Fonterra reintroduces faster payment terms for its smaller suppliers

By Guy Trafford

Back in March 2016, as a response to the poor prices being received internationally for milk products Fonterra brought in a number of austerity measures.

These ranged from cutting staff, reducing overhead costs to extending the time before contractors and those providing services to Fonterra received payment from the usual 30 day period to 90 days. At the time they copped a massive amount of bad press much from the affected  contractors but also from their own shareholders.

Many service providers said they quietly lifted their pricing to cover the additional costs and risks from having to carry the Fonterra bank balance. Therefore, the result has been a general lifting in costs in running farms and associated businesses including Fonterra. The criticism was not only in New Zealand with the Australian Government voicing its displeasure at such practices although on this side of the Tasman, the Government appeared “agnostic”. 

Finally Fonterra has seen sense, perhaps as a result of the criticism it has received more recently from Small Business Minister Stuart Nash, and for smaller service provider has reintroduced faster payment terms which will apply to suppliers that provide Fonterra with up to $300,000 of goods or services each year. Up to 4,000 businesses are said to be affected.

However, for the larger businesses the previous arrangements will still apply. Rob Spurway, Fonterra's chief operating officer of global business is reported to have said some medium-sized suppliers would stay on the older payment terms explaining it "had to draw the line somewhere", while most big suppliers are understood to have negotiated bespoke arrangements. The new arrangements are said to be introduced on August 1st this year.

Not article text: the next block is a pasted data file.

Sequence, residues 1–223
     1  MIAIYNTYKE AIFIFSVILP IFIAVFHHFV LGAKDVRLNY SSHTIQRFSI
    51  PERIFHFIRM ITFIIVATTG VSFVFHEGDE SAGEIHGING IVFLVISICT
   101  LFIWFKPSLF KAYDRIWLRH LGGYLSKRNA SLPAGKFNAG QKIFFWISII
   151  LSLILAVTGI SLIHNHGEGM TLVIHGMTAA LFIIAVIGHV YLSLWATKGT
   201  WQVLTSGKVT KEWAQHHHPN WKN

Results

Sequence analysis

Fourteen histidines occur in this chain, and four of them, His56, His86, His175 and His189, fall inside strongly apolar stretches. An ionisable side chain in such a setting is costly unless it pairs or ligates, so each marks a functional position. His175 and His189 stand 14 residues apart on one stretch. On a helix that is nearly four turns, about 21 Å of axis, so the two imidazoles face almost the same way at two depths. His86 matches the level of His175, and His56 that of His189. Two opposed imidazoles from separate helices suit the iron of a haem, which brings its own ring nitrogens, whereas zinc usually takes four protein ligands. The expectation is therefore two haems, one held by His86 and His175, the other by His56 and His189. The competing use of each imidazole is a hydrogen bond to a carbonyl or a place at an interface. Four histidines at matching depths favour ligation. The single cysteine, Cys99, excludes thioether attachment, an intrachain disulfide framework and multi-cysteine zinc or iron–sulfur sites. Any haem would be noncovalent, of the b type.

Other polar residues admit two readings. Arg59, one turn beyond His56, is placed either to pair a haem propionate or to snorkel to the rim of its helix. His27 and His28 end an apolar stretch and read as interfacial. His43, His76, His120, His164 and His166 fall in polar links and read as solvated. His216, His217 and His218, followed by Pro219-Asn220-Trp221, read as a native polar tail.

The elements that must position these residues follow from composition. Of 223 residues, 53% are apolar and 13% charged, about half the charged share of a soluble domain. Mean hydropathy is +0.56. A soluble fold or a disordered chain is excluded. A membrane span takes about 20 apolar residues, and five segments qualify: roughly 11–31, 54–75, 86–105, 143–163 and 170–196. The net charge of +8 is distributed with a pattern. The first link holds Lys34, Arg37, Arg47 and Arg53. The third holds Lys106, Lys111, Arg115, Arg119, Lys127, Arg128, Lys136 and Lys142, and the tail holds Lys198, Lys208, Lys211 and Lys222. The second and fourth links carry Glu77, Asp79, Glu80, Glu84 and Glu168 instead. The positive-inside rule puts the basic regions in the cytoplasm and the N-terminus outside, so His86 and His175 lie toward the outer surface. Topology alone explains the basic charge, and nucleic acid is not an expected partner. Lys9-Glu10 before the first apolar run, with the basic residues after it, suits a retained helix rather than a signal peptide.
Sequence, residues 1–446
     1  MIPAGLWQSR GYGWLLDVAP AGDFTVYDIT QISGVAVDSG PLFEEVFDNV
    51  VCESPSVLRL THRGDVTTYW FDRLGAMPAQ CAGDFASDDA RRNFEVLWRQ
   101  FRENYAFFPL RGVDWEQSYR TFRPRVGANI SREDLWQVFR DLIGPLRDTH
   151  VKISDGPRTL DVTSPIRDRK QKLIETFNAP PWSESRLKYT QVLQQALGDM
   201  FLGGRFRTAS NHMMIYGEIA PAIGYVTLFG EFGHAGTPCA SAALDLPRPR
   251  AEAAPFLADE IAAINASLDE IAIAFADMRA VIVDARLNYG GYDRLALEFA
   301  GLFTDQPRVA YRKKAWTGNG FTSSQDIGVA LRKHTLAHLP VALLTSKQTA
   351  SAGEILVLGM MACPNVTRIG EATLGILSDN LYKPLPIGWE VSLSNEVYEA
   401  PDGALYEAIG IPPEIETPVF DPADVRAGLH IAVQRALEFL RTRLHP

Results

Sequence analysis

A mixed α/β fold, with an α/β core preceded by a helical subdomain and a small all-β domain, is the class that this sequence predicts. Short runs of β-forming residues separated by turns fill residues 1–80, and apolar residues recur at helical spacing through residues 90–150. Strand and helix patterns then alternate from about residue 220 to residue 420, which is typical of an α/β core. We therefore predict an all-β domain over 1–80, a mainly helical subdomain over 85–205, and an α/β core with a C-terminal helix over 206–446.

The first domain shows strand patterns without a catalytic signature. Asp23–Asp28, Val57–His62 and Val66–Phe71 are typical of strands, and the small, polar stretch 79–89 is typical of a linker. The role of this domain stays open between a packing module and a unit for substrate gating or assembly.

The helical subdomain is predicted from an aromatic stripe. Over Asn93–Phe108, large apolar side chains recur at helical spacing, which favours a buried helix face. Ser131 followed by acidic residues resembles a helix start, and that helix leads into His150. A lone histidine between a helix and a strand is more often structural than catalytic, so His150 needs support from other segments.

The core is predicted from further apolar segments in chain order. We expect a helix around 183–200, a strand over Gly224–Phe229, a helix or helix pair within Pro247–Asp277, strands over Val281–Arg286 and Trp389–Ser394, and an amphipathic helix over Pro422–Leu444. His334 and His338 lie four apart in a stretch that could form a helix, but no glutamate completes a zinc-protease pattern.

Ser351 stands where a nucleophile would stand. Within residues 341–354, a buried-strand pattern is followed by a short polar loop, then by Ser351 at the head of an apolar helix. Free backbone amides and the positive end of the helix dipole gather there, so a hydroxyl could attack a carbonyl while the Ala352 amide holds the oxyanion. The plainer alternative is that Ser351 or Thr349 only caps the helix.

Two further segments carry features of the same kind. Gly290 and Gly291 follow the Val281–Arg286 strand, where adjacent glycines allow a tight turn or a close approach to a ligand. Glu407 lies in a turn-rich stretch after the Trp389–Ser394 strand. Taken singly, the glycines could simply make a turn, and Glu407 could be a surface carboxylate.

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10 Comments

The damage is done, those extra "fonterra factor" loadings that were put on fonterra invoices will stay there even with the reduced payment time.

Ye, they've proven they can't be trusted. It'll take a long time for them to earn that trust back. Never turn your back on a bully!

Your an idiot. Fonterra could change their terms to paying quarterly overnight and still retain most of their suppliers. They have that much scale they can do what ever they want within the law. Atleast as a supplier you know you will get paid.

Then most of their suppliers should take a look at their business model. Over reliance on one client just makes you vulnerable to them jerking you around. As far as idiocy is concerned, it is my my experience that those who resort to denigrating the person, rather than providing an argument are little people trying to be big, bullies and cowards. Take a look in a mirror!

You take a look in the mirror. You are degrading a corporation and providing no arguement. Are you little trying to be big, a bully and a coward or do you get special exemption from your own beliefs?

I am not denigrating a person, I am decrying appalling business practices that amount to nothing more than bullying tactics against small, vulnerable suppliers. In pulling this move, they have proven that they will use their economic clout to push around the small guy when it suits them. This lacks integrity. In business i treat my clients as I would expect to be treated, big or small. Why are you so high and mighty? Fonterra board member?

Well said. Using small business to aid their cashflow is reprehensible. Maybe fonterra shareholders need to stump up more cash or the top brass needs a solid haircut.

One only has to look at their latest set of half year figure to see the negative impact. Costs are up and profit is way down. The impact on integrity was even worse.

Caught up with a friend on the weekend, he was telling me the Yashili plant in Pokeno are nearly done refining the blend of imported milk powder from Europe and local milk before increasing output of their infant milk powder product later this year, he wasn't talking about a small quantity either.

Makes you wonder how they'll market it

Product of New Zealand. Made from local and imported goods. But bet the marketing hype is around 'Made in NZ'.